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Paperback Memories of a Ballplayer: Bill Werber and Baseball in the 1930s Book

ISBN: 0910137846

ISBN13: 9780910137843

Memories of a Ballplayer: Bill Werber and Baseball in the 1930s

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Book Overview

Bill Werber's claim to fame is unique: he is the last living person to have a direct connection to the 1927 Yankees, "Murderers' Row," a team hailed by many as the best of all time. Signed by the Yankees while still a freshman at Duke University, Werber spent two weeks that summer of '27 on the Yankee bench to "gain experience"--and was miserable and lonely, ignored by everyone. After graduating in 1930 Werber was back with the Yankees, but he was...

Customer Reviews

2 ratings

A bit too full of himself

Werber played with and against some of the biggest names in baseball, and some of his anecdotes are quite interesting and enlightening (for instance, the fact that Jimmie Foxx was probably the fastest runner in baseball but was somewhat bashful about it). If you are up on your history, you will enjoy reading about Ruth, Gehrig and the rest. However, Werber's "preachy, I'm a damn fine fellow and I'll tell you why" attitude wore thin on me.

Another time, another place...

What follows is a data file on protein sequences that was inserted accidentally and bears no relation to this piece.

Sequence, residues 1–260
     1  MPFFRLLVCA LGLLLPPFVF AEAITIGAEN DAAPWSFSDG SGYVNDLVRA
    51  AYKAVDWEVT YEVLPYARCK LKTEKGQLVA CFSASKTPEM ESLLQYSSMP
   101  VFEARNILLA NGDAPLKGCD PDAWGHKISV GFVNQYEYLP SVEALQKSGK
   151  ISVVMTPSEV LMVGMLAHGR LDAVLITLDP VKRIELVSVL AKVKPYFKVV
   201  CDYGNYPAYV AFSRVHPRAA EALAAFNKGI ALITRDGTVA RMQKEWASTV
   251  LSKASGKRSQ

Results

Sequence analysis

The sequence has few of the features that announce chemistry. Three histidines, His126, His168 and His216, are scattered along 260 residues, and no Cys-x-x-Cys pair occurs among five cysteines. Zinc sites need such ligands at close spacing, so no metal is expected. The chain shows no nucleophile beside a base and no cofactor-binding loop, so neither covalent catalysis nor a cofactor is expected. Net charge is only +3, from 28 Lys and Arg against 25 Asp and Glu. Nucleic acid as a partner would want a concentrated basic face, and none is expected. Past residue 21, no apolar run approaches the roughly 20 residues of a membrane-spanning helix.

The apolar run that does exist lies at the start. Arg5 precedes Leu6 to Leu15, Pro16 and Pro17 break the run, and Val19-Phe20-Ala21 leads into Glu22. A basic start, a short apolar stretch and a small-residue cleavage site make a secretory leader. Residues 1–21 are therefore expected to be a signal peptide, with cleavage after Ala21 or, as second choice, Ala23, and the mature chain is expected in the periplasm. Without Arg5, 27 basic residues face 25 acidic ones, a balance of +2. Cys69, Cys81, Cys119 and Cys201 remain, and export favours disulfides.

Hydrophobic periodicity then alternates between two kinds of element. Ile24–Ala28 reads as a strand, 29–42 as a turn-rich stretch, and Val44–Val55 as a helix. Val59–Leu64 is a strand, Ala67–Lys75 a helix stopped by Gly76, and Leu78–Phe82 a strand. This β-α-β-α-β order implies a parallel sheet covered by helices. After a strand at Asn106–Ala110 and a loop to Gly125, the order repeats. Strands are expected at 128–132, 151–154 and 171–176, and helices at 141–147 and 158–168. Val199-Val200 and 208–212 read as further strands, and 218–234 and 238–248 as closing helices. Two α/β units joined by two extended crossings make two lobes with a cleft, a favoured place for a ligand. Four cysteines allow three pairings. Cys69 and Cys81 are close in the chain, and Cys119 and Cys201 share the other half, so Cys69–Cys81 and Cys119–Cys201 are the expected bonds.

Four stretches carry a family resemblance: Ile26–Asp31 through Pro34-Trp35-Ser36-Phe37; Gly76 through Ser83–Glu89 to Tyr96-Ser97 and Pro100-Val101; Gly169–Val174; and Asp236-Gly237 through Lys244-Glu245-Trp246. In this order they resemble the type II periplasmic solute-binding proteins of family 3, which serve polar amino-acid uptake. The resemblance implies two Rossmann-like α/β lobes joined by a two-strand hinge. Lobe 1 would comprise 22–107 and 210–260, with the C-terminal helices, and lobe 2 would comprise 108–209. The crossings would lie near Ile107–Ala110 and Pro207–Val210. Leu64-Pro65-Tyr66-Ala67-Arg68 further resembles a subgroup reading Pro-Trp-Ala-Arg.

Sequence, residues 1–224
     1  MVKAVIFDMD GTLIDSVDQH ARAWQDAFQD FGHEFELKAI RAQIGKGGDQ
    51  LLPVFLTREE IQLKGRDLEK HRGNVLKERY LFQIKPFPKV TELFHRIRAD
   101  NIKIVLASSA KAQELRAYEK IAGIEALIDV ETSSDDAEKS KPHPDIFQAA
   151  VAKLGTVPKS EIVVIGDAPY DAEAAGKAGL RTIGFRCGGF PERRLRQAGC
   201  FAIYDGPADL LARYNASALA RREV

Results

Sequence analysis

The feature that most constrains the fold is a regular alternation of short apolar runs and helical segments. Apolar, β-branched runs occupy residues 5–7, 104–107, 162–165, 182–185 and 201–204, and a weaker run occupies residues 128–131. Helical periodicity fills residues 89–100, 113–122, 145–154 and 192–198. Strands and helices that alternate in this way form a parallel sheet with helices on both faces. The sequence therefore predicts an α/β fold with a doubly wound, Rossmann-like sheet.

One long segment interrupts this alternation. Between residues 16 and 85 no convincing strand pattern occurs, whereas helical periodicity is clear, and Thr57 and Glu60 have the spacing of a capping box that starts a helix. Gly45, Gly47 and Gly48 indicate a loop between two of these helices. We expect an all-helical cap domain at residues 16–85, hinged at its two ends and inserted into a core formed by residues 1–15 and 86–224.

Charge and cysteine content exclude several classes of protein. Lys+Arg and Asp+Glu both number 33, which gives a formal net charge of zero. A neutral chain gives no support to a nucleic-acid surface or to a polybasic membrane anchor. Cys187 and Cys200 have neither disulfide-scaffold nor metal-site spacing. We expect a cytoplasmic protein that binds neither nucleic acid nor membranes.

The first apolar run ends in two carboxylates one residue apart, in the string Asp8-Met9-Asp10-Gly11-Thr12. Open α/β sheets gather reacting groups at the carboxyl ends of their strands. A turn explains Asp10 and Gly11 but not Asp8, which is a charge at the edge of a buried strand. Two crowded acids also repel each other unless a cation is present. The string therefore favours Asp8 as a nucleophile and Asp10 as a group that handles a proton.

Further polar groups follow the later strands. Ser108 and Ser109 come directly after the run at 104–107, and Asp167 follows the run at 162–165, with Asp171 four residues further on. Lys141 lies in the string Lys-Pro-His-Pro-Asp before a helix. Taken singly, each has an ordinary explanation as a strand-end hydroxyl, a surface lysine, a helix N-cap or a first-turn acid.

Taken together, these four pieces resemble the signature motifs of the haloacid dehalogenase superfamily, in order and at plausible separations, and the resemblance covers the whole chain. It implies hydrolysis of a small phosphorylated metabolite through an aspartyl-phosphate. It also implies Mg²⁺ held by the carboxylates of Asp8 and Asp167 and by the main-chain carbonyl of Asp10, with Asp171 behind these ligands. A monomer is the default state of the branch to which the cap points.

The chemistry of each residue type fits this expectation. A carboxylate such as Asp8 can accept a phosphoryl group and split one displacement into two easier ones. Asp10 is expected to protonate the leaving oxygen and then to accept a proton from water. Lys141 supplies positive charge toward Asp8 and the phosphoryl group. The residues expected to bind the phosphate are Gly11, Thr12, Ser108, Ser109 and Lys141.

Bill Werber shares his experiences and remembrances of playing the National pastime in the 1930's. It was an era that is difficult for modern fans to imagine. Thanks to the memories of Werber and the skill of co-author Paul Rogers at detailing them, the life of a ballpayer pre-intercontinental travel, airplanes, multi year contracts and night games comes alive for the reader.Werber was somewhat of an anomaly for the time; College educated, well read and intellectually curious, he made a stark contrast to the typical little educated, hard living, hard drinking, brawling ballplayer of that generation. Yet, he possessed a toughness of his own. A toughness that enabled him as a rookie to withstand and even return the barbs of veteren Yankee ballplayers. A toughness that would serve him well in disputes with teammates, opponents and management throughout his career. Werber details recollections of those he fought with and against, came to admire and befriend, and gives an excellent oral history of what is was like to be a ballplayer during the depression era. His memories of the greats of the period, Babe Ruth, Walter Johnson and the others, sheds light on the pecking order that has always existed between the greats and their less talented contemporaries. It makes for interesting and informative reading. As an Oral History, the book is not designed to take political positions or rail against social injustice. The purpose of good Oral History is to tell the story of what it was like, not what it should have been like. This book is a valuable contribution to the search for historical truth about the game of baseball. As such it belongs in your library!
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